[sw-l] SOFTWARE: Still working on IMWA 1.1
sw at PASSITONSERVICES.ORG
Mon Jan 17 17:47:34 UTC 2005
Yes, I believe so. From what I understand, IPA extensions are located
Really, the purpose of Unicode is not for "everyday use", per se. It is
intended to document all the writing symbols that are in active use for
every language on earth. Even though some of the IMWA may not be used
in "everyday use", it will be in use for research purposes which makes
it important to be a part of any Unicode representation of SignWriting.
Prior to Unicode, each language maintained its own encoding (numbering
system) for translating computer characters to their language. This
meant that if you got a Russian document, you must have the correct
Russian fonts that corresponded to the Russian encoding and then you
would see Cyrillic characters instead of Roman. That created a lot of
difficulty because you wouldn't necessarily know what font would be
necessary for which documents. It created problems for international
interaction. This is exactly what IMWA is doing. That doesn't make the
IMWA a bad thing. It is valuable inside of the SignWriting community.
Unicode was developed as an independent numbering system for writing
symbols so that every writing system could have its own numbering
range. Then theoretically, you could have one or more fonts that
contained ALL the symbols and be able to open up any document. Or you
can have fonts that contain symbols for selected writing systems. That
is up to the font designer, but the document will still contain the
data in the language it is written for. This meant that when a document
contains multiple languages or writing systems, the renderer can know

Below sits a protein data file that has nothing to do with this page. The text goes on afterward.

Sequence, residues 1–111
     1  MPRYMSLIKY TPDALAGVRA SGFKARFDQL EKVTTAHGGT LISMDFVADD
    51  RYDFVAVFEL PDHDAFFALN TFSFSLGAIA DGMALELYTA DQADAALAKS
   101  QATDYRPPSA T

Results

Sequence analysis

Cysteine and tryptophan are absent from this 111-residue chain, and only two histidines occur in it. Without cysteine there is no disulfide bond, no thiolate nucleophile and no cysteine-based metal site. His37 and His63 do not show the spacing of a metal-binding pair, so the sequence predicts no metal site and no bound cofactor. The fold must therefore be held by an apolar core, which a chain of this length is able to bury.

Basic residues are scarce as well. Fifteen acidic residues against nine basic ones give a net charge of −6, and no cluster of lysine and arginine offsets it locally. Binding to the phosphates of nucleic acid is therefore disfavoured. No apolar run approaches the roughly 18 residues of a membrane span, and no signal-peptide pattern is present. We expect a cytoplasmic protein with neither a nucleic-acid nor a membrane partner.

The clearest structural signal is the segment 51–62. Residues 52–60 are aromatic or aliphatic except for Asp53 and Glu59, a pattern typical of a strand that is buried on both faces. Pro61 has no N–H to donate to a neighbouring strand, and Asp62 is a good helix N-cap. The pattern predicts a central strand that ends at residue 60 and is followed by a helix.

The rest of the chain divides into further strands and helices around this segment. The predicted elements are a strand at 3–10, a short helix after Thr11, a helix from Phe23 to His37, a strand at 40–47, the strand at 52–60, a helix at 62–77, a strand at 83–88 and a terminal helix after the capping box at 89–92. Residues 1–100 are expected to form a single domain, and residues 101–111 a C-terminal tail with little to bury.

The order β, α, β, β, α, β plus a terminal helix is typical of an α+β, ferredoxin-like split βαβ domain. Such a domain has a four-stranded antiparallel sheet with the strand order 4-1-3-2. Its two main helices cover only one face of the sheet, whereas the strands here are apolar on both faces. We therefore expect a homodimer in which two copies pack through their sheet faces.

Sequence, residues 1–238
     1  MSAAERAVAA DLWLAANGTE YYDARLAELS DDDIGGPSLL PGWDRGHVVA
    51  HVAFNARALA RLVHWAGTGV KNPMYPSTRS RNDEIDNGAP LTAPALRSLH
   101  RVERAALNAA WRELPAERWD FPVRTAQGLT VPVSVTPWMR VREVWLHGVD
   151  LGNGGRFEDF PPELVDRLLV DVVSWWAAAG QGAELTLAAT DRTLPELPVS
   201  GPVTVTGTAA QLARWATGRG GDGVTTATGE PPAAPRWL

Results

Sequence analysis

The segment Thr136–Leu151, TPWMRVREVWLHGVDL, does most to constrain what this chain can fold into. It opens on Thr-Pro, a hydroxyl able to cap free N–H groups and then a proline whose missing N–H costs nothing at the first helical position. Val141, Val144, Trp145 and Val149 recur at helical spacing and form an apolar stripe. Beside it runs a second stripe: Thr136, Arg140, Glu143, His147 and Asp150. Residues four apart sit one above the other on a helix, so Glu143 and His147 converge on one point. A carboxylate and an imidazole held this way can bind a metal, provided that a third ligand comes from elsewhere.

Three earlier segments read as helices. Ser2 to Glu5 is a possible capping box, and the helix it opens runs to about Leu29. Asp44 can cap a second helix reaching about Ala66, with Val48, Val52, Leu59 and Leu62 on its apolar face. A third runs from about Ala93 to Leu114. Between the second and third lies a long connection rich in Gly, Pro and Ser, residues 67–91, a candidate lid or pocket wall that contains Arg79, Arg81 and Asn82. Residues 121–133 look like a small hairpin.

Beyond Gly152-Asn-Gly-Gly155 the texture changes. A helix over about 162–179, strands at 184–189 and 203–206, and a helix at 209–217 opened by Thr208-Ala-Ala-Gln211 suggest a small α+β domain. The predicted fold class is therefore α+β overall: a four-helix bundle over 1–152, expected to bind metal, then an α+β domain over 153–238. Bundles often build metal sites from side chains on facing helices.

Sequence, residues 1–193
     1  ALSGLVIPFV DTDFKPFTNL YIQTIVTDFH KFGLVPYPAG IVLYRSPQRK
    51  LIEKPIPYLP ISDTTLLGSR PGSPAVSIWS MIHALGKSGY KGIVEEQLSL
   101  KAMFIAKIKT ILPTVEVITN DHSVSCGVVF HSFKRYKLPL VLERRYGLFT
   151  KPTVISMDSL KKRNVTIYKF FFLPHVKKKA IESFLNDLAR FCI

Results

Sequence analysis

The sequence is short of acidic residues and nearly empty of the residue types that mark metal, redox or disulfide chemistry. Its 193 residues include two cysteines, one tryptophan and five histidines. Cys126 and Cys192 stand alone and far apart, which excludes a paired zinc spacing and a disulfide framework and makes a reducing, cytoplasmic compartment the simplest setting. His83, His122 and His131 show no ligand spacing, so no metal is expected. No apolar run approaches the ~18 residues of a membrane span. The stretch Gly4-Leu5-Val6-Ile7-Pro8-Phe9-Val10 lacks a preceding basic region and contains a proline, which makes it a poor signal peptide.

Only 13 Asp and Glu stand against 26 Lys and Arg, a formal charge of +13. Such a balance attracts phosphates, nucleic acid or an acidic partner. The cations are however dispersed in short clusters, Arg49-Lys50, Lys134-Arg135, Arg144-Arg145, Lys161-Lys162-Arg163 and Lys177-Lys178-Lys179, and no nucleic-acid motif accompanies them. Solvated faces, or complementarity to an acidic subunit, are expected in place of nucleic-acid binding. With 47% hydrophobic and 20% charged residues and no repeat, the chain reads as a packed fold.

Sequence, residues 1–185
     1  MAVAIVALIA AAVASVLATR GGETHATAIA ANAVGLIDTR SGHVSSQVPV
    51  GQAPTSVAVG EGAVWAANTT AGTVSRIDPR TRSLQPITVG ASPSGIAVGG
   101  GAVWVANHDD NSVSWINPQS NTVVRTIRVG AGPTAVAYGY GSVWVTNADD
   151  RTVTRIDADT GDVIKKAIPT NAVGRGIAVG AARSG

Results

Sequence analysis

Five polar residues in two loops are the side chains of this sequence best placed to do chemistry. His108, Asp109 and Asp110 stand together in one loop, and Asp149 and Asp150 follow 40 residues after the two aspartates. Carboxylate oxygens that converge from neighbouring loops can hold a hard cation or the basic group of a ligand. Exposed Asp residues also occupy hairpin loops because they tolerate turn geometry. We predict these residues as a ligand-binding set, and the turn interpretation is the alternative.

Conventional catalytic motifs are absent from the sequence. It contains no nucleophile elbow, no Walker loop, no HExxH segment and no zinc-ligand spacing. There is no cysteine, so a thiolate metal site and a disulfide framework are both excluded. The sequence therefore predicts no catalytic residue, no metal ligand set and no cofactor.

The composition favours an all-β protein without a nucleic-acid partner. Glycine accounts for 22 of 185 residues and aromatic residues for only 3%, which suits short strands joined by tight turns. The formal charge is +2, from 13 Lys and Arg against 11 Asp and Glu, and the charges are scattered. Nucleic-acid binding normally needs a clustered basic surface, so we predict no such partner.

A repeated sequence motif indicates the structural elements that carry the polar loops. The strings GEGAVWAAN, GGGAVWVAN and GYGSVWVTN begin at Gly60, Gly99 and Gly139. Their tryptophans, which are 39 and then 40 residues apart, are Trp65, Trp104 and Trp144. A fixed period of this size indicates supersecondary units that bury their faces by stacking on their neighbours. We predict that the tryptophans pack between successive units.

what rules to follow to render the document because it will be able to
tell from the Unicode range what kind of writing system it is working
with. This means you can have many languages mixed within a document
and the document should be rendered accurately according to the rules
of that writing system.
From this perspective of the intent of Unicode, I believe that the
entire IMWA should be in Unicode. Personally, I think it may be worth
giving the IMWA some time to settle before working on the Unicode
process simply because the IMWA will give us a way to think through how
to represent SW in Unicode (including the details of what is in the
font, what is handled by the renderer, etc.) and how to "translate"
between the IMWA numbering and the Unicode numbering system. With the
IMWA in place, we will have something to show to potential funders to
see exactly what the scope of the project will be. The graphical
approach we have used thus far can serve as a model for what can be
done with SignWriting. I think that Unicode SW with SMWL can be a
powerful combination, not to mention the savings in the size of the XML
file by replacing the IMWA number with the Unicode symbol.
Again, that is my 2 cents worth. Naturally, putting SW into Unicode
will be a big project, but I think it is a critical step in the
direction of having hearing recognize and accept it as a writing system
for sign languages since all other writing systems are available
On Jan 17, 2005, at 10:51, Valerie Sutton wrote:
> SignWriting List
> January 17, 2005
> Bill Reese wrote:
>> Fantastic Valerie!!!
>> I can't wait to see it and to see it used.
>> Can unicode development start now? :-)
> Dear SW List and Bill!
> Ah...Your enthusiasm is appreciated, but it is a little too early for
> us to say it is finished. I was wrong in my previous message...I
> THOUGHT I was finished - ha! But we found some inconsistencies that
> need to be cleaned up before it is finished...So sorry for jumping the
> So I am still working on it...
> Regarding Unicode development, Bill...My work on the IMWA (the
> International Movement Writing Alphabet) actually has nothing to do
> with Unicode. Even when the IMWA is perfect, I personally would prefer
> to let others work on Unicode, since it is a specific programming job
> that I am not skilled at. But I am happy to be an advisor to any
> Unicode project taken on by other groups.
> And no Unicode project has to wait for the IMWA. I would strongly
> suggest that the first Unicode for SignWriting should be based on a
> smaller symbolset...Which brings up another question...Is there
> Unicode for the IPA? the International Phonetic Alphabet? Because the
> IMWA is equivalent to the IPA. It is not a symbolset for "everyday
> use'...But most Unicode projects are for everyday use, I believe...
> Val ;-)
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